Tag: Australian Energy Regulator

What’s changing in 2020? This is what you need to know


The beginning of a new decade is bringing with it a host of changes.

New Year’s Day brings some good news for first home buyers, working parents and pensioners buying medications.

Here’s what else you need to know about what’s changing from the start of the year.

First Home Loan Buyers Scheme


The scheme will operate on a “first-in, best-dressed” basis. (ABC News: Rachel Riga)

The program provides a guarantee that will allow eligible first home buyers on low and middle incomes to purchase a property with a deposit of as little as 5 per cent.

The Government scheme will support up to 10,000 loans each financial year, starting from 1 January 2020. It will operate on a “first-in, best-dressed” basis.

Under the scheme announced ahead of the 2019 election, the Government will offer loan guarantees for Sydney properties worth up to $700,000, and $450,000 across the rest of New South Wales.

In Melbourne, eligible buyers will be able to access the scheme when purchasing a home worth up to $600,000, and $375,000 across other parts of the state.

Applicants will be subject to eligibility criteria, including having taxable incomes up to $125,000 per annum for singles and up to $200,000 per annum for couples.

NAB has already committed to being ready to offer guarantees from that date.

Extending access to parental leave pay


The work test will be amended to allow more women to qualify. (Pexels)

Parents in Australia have been entitled to government-mandated leave after childbirth or adoption since January 1, 2011.

Under the Paid Parental Leave Act 2010, eligible new parents can take up to 18 weeks’ leave, funded by the Federal Government and paid at the rate of the national minimum wage.

Since 2013, fathers or partners have been entitled to “Dad and Partner Pay”, or DPP, a separate, non-transferable payment.

But this year, the work test will be amended to allow more women to qualify.

Currently to qualify for PPL, a parent must have worked a minimum of 330 hours in 10 of the 13 months prior to the birth, with no more than an eight week break between two working days.

The Government will now extend the break between working days from eight to 12 weeks and allow women to move their work test period if they have had to stop work early due to a workplace hazard.

This will apply to parents of children born or adopted on or after January 1.

PBS changes


More people should be able to access discounts on the PBS scheme. (Pixabay)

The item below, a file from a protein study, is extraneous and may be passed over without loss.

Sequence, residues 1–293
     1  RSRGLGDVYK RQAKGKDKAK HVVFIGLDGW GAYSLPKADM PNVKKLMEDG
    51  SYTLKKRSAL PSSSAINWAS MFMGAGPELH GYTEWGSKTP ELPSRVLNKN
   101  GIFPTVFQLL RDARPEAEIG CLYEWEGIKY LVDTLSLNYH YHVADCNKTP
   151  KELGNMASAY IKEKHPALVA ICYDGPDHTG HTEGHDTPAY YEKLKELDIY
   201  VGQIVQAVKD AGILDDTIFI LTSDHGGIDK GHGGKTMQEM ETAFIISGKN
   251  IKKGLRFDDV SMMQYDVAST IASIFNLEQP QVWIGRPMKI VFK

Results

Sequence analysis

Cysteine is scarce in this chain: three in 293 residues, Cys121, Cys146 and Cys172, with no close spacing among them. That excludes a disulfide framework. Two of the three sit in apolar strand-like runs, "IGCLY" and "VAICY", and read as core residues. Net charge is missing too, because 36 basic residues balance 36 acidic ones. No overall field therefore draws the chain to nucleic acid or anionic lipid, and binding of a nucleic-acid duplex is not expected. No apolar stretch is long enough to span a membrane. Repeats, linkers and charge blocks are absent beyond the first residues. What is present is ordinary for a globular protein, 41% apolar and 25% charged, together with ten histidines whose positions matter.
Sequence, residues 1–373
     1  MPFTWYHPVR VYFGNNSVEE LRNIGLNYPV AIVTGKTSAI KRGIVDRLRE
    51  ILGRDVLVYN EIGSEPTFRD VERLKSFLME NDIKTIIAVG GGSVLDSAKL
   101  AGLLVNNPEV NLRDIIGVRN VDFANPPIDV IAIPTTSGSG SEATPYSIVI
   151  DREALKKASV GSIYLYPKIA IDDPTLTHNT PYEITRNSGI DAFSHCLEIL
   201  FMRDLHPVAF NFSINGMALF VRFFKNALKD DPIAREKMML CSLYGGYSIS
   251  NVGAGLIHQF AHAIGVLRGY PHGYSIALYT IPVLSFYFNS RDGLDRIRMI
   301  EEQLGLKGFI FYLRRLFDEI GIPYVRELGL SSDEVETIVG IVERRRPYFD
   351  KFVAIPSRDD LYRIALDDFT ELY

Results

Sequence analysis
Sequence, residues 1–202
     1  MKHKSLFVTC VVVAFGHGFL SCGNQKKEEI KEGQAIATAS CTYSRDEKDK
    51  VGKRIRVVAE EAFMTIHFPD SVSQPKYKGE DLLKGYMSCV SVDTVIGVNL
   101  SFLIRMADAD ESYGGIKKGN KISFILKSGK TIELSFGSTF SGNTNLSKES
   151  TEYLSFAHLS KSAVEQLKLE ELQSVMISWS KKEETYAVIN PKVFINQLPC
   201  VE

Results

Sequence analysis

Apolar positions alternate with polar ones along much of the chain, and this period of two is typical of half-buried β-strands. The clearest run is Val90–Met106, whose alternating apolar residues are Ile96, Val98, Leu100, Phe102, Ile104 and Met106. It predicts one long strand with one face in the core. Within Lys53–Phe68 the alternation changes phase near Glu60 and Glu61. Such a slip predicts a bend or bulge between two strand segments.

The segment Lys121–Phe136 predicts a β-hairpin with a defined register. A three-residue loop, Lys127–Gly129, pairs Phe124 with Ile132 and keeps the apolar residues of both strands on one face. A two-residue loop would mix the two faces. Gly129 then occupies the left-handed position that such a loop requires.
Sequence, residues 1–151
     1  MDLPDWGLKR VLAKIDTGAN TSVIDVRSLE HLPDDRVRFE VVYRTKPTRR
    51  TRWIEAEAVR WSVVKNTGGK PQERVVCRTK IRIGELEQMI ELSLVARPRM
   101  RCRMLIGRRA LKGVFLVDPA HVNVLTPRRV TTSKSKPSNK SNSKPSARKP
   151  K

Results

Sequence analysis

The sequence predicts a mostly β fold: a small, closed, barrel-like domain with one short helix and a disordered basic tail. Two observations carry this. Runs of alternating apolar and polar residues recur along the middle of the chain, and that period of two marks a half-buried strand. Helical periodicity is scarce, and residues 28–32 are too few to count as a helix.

Federal Minister for Health Greg Hunt said the Government has promised to reduce the Pharmaceutical Benefit Scheme (PBS) safety net by January 1, 2020, so Australians will receive cheaper or free scripts earlier.

According to a statement from Mr Hunt, the threshold to receive free or further discounted medicines through the PBS will be lowered by 12 scripts for pensioners and concession card holders and the equivalent of two scripts for non-concession card holders.

Electricity prices are going up


Victorian customers will have to prepare for higher electricity prices. (ABC)

In Victoria, the Australian Energy Regulator estimates the typical network tariff charge — which is only one part of a household bill alongside wholesale costs, retail margins and other elements — will increase the average bill for residents by:

  • AusNet Services: $38.16
  • CitiPower: $26.14
  • Jemena: $37.26
  • Powercor: $46.00
  • United Energy: $53.04

The approved network tariffs take effect from 1 January 2020.

Price changes for NSW, Queensland, South Australia, Northern Territory, ACT and Tasmania for the 2019-2020 year were changed on July 1, 2019.

Opt out of super guarantee


There might be some good news for workers unintentionally going over the concessional contributions cap. (Pexels.com: Startup Stock Photos)

From 1 January 2020, some workers with multiple employers can apply to opt out of receiving the super guarantee (SG) from some of their employers.

This is particularly of interest to high income earners who may be unintentionally going over the concessional contributions cap.

According to the Australia Taxation Office, you may be eligible to opt out if you:

  • have more than one employer, and
  • expect your employers’ mandated concessional super contributions to exceed your concessional contributions cap for a financial year

The exemption certificate means the employer will not be liable for the super guarantee charge if they don’t make SG contributions on your behalf for the quarters covered by the certificate.

The end of Sydney’s lockout laws


Last drinks will be extended by 30 minutes at venues with “good records”. (ABC News: Jean Kennedy)

The NSW Government announced in November 2019 that its controversial lockout laws would be lifted in Sydney’s CBD and Oxford Street from January 14.

However, the laws will remain in place in Kings Cross.

The changes include removing 1:30am as a last entry for all licensed venues in the Sydney CBD, including Oxford Street, and extending last drinks by 30 minutes at venues with “good records”.

Other restrictions will also be lifted, including:

  • Removing restrictions on serving cocktails, shots and drinks in glass after midnight
  • Extending bottle shop opening hours across NSW until midnight from Monday to Saturday, with an 11:00pm closing time on Sunday
  • Increasing small bar patron capacity from 100 to 120 across NSW

ACT will be lighting up


Each household will be allowed a maximum of four plants. (Unsplash: Matthew Brodeur)

The ACT has become the first Australian jurisdiction to legalise the possession, use and cultivation of small amounts of cannabis.

The new laws will allow possession of up to 50 grams per person and a maximum of four plants per household and will come into effect from January 31, 2020.

Source: https://www.abc.net.au/news

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